The Czech Republic supports Ukraine's suggestion that the visa regime between the two states should be simplified. After a meeting with the chairman of the Ukrainian Parliament Volodymyr Lytvyn, the Czech Foreign Minister Cyril Svoboda said that the process needs to respect European Union's regulations. He suggested that visas should be abolished for the Czech Republic's citizens, and the citizens of Ukraine would acquire them free of charge in a simplified procedure. Mr Svoboda also said the Czech Republic would like to strengthen its political and economic relations with Ukraine after the recent political changes in the country.
The Czech Republic's Ambassador to NATO, Karel Kovanda, has been appointed the European Commission's Deputy Director General of External Relations. The 61-year-old former Ambassador to the United Nations will be the second Czech to become a senior European Commission official, after Marie Bohata was named Deputy Director General of Eurostat in October. Mr Kovanda is expected to take up his post in the coming weeks. The current Czech Ambassador to London, Stefan Fule, will most likely succeed Mr Kovanda in the post of Ambassador to NATO.
The Slovak government has decided not to appeal a court verdict ordering it to pay 24.8 billion Slovak crowns (some 775 million US dollars) to the Czech bank CSOB (Ceskoslovenska obchodni banka). In December last year, the Washington-based International Centre for Settlement of Investment Disputes (ICSID) ruled that Slovakia still had an outstanding debt to the Czech bank after it failed to pay back a loan from 1993. The Slovak Finance Ministry has promised to pay CSOB 16 billion Slovak crowns by Friday. The remaining sum owed would be paid by the beginning of next year with one percent interest.
Europe needs more, not fewer, economic migrants despite public fears and high unemployment in West European countries, the EU Labour and Social Affairs Commissioner Vladimir Spidla said on Wednesday. Speaking in an interview with the Reuters news agency, the former Czech prime minister warned there would be 20 million fewer workers in Europe, including migrants, over the next twenty years, due to an ageing population and falling birth rates. Mr Spidla also expects some of the 15 old EU member states will not extend the transition period on the free movement of workers from the 10 new countries, once the first two-year transitory period expires in 2006. Mr Spidla said he hopes to see a more flexible retirement system in the EU that would encourage more Europeans to work later in life, while providing pensions for those who needed to retire.
The Czech Republic received seven billion crowns (over 300 million US dollars) from the European Union more than it paid in during its first year as a member, the Czech Finance Ministry said on Tuesday. The country contributed 18 billion crowns to the EU budget, but received almost 25 billion in compensation payments and from various funds. The difference was greater than Czech officials predicted at accession talks in Copenhagen in 2002.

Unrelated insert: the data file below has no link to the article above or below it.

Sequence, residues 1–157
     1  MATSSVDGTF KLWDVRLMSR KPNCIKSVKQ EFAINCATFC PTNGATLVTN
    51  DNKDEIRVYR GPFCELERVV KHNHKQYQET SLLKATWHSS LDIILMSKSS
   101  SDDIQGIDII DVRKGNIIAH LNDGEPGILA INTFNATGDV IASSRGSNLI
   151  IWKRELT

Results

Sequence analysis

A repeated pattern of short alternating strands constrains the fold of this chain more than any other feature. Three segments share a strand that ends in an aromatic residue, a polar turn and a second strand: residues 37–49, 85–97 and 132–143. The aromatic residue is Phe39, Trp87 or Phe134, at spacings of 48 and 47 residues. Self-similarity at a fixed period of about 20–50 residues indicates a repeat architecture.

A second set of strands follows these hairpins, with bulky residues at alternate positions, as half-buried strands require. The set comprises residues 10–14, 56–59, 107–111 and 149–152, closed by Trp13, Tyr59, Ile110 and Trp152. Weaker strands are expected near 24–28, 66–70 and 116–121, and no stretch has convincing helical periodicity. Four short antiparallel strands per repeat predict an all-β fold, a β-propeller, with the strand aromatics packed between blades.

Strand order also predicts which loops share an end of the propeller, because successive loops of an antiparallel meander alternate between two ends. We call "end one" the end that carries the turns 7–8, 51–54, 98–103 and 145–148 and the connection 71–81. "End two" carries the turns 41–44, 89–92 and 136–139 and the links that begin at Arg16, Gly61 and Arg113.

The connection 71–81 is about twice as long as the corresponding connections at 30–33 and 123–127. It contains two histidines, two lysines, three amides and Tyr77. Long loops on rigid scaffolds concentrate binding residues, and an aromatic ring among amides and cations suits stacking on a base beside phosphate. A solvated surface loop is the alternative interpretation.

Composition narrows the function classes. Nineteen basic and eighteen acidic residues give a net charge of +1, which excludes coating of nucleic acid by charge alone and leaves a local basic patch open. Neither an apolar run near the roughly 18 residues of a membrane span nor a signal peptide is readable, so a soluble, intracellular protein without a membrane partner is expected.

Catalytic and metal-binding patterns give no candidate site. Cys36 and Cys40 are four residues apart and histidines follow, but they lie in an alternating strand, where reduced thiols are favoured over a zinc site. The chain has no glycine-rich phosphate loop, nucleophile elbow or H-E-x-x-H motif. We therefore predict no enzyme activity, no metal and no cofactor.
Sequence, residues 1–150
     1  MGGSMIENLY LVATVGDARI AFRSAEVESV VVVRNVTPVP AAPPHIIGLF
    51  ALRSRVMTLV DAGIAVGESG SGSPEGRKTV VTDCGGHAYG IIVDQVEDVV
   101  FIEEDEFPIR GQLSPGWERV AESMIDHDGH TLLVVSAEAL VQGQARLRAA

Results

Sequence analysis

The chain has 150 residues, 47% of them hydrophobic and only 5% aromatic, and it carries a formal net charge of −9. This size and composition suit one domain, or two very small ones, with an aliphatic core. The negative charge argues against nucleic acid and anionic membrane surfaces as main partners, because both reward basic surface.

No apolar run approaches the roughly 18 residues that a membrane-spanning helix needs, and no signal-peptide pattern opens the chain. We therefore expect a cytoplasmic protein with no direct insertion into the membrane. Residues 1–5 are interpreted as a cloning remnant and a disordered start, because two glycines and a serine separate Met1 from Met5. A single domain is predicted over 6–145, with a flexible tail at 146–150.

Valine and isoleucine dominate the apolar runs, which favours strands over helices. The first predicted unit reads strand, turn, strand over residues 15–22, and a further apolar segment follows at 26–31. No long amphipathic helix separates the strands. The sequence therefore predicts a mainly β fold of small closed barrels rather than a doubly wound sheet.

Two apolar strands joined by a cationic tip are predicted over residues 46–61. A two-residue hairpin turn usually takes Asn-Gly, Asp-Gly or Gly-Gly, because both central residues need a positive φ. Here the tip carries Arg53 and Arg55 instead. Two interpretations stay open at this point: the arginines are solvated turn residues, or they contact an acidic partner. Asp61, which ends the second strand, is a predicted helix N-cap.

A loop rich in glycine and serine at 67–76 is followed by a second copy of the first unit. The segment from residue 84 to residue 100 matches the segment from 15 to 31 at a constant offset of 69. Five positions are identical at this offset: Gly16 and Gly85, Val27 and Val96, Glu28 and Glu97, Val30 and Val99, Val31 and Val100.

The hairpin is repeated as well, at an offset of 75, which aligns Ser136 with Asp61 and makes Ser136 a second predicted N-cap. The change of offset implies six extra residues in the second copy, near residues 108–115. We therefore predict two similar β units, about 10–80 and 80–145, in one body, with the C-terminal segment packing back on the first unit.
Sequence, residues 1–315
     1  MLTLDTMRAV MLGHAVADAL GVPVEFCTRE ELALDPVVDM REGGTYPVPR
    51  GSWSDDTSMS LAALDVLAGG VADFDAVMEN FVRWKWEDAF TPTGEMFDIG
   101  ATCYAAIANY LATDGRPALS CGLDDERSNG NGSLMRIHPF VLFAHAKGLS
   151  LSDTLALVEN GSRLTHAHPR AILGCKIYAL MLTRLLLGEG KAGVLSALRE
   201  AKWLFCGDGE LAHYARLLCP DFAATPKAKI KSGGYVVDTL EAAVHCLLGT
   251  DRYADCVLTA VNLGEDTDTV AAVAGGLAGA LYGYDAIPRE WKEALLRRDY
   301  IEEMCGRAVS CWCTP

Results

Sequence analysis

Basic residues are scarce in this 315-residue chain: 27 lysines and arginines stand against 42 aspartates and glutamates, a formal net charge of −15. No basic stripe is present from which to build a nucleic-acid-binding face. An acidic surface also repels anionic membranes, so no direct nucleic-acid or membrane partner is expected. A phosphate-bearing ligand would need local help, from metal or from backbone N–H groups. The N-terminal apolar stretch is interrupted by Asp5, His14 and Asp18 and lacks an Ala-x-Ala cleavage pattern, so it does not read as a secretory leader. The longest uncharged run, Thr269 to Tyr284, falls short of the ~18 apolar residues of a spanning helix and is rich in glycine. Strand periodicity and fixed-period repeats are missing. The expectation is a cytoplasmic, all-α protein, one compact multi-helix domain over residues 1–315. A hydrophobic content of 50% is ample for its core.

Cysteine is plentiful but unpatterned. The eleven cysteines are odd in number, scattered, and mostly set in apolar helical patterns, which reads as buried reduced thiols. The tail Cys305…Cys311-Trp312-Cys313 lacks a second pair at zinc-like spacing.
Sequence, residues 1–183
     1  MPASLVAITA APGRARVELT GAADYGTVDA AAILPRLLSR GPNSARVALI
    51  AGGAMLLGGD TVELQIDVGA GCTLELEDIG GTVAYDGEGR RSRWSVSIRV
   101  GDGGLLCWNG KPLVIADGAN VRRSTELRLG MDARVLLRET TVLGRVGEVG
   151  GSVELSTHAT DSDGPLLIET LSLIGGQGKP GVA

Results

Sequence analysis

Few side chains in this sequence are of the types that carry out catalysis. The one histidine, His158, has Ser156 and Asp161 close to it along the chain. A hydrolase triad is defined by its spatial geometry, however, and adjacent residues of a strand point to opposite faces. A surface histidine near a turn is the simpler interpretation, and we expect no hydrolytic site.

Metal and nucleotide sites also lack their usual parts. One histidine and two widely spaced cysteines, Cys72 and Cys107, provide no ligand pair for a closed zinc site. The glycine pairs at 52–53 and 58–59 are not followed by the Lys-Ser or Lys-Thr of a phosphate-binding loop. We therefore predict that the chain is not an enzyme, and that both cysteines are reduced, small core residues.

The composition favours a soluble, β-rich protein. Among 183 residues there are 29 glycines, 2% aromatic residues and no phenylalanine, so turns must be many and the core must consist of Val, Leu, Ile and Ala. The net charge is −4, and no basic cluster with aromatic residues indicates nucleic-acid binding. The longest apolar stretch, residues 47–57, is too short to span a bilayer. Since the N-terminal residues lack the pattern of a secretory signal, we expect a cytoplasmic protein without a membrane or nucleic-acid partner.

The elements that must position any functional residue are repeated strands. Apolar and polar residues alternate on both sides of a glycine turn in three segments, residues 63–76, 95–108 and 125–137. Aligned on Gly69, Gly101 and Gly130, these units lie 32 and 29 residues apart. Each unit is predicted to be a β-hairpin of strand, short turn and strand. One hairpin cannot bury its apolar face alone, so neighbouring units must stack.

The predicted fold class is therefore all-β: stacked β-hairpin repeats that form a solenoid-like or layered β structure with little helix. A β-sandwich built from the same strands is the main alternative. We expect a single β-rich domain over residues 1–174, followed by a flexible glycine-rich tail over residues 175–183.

A group of right-wing senators have put forward a bill under which political parties would not be allowed to use the word "communist" in their names. Senator Jaroslav Stetina said the group wanted to make the promotion of communist or Nazi ideology punishable by up to five years in prison. He said they did not want to wipe out the Communist Party of Bohemia and Moravia, who are second in opinion polls, but to force them to transform themselves into a modern left-wing party.
Prime Minister Stanislav Gross has said he will take legal action against
Mlada fronta Dnes and Respekt, two newspapers which have questioned how he
bought his luxury Prague flat. Mr Gross said in the lower house on Tuesday
that what he called the campaign against him in the Czech media was
damaging the credibility of the Czech Republic.
For their part, his critics say the prime minister's alleged failure to explain how he bought a flat for more than he had officially earned is tarnishing the country's reputation.
A move by the opposition Civic Democrats to raise the matter in the lower house was defeated.
Pavel Nedved has been named Czech Footballer of the Year for the fourth time in his career. The 32-year-old midfielder retired as Czech captain after the European Championships in Portugal, where he was outstanding. Second in the poll was Milan Baros, who was the top scorer at Euro 2004. National team coach Karel Bruckner was named manager of the year at Monday's ceremony in Prague.
Archaeologists find unique grave of Roman era warlord in Uherský Brod
Czech Ambassador to Ethiopia Pavel Mikeš: ‘If you wait long enough, an egg will walk on two legs’
New debate erupts over use of -ová suffix in Czech female surnames
Divided by Freedom – Large-scale Czech Radio survey finds six social classes in Czech society
Josef Becher – the man behind Czech Republic’s iconic liqueur